Defining the clinician's role in mitigating financial toxicity: an exploratory study

Support Care Cancer. 2021 Aug;29(8):4835-4845. doi: 10.1007/s00520-021-05984-6. Epub 2021 Feb 5.


Background: Financial toxicity describes the financial burden imposed onto patients by a cancer diagnosis and is a growing concern. Many clinicians do not currently address financial toxicity despite patients' desire for them to do so. Current literature explores physicians' perspectives but does not clearly define an actionable role clinicians can take to address financial toxicity. We sought to fill this gap by first assessing clinicians' perspective on their role in alleviating financial toxicity at our institution. We subsequently aimed to identify current barriers to mitigating financial toxicity and to garner feedback on clinician-oriented interventions to address this growing problem.

Methods: We developed an 18-item electronic, anonymous survey through Redcap. We invited all oncology clinicians including attending physicians, advance practice providers, and trainees at our institution to participate.

Results: A total of 72 clinicians (30%) completed the survey. The majority agreed that clinicians have a role in addressing cost. The top three barriers to discussing cost with patients were knowledge of out of pocket costs, time, and awareness of resources. Less than half of respondents used an existing comparative cost tool to incorporate cost consciousness into treatment decisions. The most desired intervention was an institutional resource guide. In open-ended comments, the most common barrier described was transparency of out of pocket costs, and the most common solution proposed was a multi-disciplinary approach to addressing financial concerns patient face.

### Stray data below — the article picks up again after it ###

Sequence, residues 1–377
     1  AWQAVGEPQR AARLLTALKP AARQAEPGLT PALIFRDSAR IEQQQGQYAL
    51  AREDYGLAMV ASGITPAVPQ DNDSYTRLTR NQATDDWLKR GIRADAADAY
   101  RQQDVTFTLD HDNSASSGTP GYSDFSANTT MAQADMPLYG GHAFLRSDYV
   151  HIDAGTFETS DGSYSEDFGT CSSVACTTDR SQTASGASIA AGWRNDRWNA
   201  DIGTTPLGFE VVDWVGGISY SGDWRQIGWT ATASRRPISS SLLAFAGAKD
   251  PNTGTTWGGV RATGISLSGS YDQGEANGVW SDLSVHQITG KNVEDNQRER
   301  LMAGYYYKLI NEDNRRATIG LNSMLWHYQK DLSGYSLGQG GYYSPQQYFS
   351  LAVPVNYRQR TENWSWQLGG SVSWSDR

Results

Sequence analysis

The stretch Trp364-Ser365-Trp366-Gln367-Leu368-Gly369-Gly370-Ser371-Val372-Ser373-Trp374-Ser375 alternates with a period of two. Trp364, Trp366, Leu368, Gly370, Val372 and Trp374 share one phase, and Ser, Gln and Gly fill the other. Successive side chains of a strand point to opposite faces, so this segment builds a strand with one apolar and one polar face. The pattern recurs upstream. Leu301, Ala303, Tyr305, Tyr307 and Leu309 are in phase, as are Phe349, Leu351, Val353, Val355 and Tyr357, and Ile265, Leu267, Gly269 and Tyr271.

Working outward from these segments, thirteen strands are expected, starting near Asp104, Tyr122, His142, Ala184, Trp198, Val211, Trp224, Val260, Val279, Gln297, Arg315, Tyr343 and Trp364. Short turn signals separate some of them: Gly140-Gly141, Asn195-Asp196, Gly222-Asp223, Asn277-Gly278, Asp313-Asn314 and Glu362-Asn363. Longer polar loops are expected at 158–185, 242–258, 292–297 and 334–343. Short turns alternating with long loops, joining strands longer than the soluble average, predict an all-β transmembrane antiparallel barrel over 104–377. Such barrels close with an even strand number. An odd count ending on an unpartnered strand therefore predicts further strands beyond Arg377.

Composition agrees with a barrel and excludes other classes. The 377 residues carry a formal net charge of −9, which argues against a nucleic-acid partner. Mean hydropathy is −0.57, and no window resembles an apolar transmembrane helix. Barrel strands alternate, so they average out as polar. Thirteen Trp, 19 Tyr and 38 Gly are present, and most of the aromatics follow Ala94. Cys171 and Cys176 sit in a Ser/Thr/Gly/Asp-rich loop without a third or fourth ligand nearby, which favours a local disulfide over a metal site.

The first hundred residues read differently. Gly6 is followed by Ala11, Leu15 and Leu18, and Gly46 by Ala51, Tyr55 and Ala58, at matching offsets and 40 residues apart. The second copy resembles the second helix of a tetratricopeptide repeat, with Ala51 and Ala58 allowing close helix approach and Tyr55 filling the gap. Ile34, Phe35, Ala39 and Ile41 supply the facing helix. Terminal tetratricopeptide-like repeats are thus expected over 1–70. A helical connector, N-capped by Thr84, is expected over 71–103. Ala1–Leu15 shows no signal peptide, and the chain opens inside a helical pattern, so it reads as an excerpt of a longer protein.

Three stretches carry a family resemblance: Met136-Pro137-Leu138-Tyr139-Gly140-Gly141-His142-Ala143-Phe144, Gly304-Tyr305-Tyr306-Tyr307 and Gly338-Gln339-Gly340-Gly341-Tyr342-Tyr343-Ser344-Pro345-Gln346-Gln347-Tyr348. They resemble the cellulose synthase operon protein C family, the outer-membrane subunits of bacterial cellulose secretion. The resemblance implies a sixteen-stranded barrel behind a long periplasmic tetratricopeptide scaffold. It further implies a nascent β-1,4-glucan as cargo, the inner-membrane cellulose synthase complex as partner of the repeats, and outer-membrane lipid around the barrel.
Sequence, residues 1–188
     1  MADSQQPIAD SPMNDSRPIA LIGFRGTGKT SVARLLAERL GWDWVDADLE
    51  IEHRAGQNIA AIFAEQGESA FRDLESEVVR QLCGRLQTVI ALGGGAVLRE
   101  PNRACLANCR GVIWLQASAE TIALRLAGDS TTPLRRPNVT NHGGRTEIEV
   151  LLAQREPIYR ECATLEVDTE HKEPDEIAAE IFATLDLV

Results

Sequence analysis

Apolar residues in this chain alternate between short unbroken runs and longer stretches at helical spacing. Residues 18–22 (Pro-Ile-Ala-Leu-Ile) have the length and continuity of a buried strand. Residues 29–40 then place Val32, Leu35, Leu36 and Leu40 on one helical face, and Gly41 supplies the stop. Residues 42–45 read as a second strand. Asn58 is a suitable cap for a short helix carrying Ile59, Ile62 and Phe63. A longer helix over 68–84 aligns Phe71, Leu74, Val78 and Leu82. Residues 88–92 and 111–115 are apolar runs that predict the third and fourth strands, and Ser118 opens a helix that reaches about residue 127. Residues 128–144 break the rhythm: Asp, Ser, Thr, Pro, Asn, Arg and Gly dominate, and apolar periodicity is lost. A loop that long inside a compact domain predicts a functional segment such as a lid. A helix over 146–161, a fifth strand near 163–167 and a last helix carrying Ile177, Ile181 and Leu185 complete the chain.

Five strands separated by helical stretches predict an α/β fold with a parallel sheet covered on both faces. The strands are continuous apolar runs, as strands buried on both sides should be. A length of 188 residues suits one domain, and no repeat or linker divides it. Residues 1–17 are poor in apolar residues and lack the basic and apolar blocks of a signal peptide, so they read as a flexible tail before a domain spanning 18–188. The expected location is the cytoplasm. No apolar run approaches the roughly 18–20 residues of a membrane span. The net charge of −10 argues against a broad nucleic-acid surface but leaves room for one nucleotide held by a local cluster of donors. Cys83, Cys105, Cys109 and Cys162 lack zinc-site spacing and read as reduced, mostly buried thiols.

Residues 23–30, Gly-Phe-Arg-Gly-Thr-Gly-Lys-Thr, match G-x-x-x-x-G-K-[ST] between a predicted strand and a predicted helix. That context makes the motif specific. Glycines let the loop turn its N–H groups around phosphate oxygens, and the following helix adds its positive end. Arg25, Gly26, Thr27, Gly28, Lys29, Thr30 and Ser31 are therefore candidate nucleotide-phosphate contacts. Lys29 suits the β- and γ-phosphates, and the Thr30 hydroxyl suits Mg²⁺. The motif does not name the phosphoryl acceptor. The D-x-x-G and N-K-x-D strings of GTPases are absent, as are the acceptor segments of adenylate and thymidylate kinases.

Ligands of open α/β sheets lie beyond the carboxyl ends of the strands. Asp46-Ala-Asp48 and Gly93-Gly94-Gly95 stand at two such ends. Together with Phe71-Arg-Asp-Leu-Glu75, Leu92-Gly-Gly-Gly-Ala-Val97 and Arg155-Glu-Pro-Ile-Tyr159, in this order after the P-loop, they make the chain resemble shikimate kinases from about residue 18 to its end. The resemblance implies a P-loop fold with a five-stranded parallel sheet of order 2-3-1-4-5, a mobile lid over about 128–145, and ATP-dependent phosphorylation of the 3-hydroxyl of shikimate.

Discussion: Improving price transparency, incorporating existing resources into clinical practice, and streamlining multi-disciplinary support may help overcome barriers to addressing financial toxicity.

Keywords: Cost of care; Cost-effectiveness; Financial toxicity; Health services research.

MeSH terms

  • Adult
  • Aged
  • Female
  • Health Expenditures / statistics & numerical data*
  • Humans
  • Male
  • Middle Aged
  • Physicians / economics*
  • Surveys and Questionnaires